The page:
It is also about our attitudes to those who do not think as we do. Who can manage to live without the beliefs that we do and yet…

Richard

That sounds a bit like George Macdonald in “The Boyhood of Ranald Bannerman,” in which the pastor father of Ranald says that our first duty to God is to do the job at hand of serving our fellow man…and that anything, even prayer or reading the Bible, that detracts from it, is so much pagan devotion that is self directed. I think there would be an exception in that we all need our time alone with God in the wilderness, but the point of potential idolatry is understood. One of my favorite books from my favorite author.

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Which is where Romans 14 come into play. We live by our own standards and rules but cannot expect others to conform to them also. Within those rules will be our devotions and respect for God. I guess it is hard to see others break those standards without making some sort of reaction, yet that is what I see Romans 14 as telling me not to do.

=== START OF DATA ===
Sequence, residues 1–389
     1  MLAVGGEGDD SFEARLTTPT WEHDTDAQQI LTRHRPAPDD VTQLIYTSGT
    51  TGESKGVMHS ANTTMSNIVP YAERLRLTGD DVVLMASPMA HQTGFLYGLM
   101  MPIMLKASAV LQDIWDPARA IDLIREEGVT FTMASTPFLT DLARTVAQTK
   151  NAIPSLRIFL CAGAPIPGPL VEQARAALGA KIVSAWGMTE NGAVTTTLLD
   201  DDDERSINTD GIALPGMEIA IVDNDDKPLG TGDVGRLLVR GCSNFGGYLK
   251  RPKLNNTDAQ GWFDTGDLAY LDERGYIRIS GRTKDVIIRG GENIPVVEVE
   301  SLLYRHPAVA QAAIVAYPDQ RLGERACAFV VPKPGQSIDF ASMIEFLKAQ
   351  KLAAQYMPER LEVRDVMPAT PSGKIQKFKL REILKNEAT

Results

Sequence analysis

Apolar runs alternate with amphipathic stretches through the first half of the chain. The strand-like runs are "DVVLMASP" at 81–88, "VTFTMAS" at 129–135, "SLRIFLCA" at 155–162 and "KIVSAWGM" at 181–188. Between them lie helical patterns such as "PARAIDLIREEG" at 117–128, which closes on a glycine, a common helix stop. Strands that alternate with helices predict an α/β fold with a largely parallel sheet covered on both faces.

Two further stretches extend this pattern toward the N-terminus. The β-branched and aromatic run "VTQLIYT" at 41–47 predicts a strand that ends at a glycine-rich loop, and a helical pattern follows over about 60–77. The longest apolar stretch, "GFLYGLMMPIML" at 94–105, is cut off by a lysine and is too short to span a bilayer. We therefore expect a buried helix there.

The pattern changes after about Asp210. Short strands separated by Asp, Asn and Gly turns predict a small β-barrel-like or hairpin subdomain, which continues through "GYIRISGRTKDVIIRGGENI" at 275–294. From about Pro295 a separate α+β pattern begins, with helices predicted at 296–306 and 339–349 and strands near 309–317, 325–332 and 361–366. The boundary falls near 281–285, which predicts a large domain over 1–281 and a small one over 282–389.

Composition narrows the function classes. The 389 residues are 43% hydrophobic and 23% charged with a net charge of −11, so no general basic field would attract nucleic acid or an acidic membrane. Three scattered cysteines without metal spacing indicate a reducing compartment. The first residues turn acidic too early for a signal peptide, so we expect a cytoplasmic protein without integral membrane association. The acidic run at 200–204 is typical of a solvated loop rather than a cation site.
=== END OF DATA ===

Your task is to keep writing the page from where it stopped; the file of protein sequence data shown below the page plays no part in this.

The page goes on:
Richard

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Well, I think that I see what you’re saying; but I think that while there’s a role for humility here, as you say, there’s also a uniqueness from the Bible that eventually is a good thing. We’re all starting from where we are; as the Victorians said, doing the best “according our lights.” However, similar to Lewis’ image in “The Last Battle” and “The Great Divorce,” it’s incumbent on us to “go farther up and farther in.” God’s happy with ever effort we make, but it’s in serving each other and reading the Bible with meditation–a combination–that we mature (I’m not sure what that is like, completely; while I am happier to be a married father, at some point as a teen, I thought being a Franciscan friar would have been great, too!) What do you think?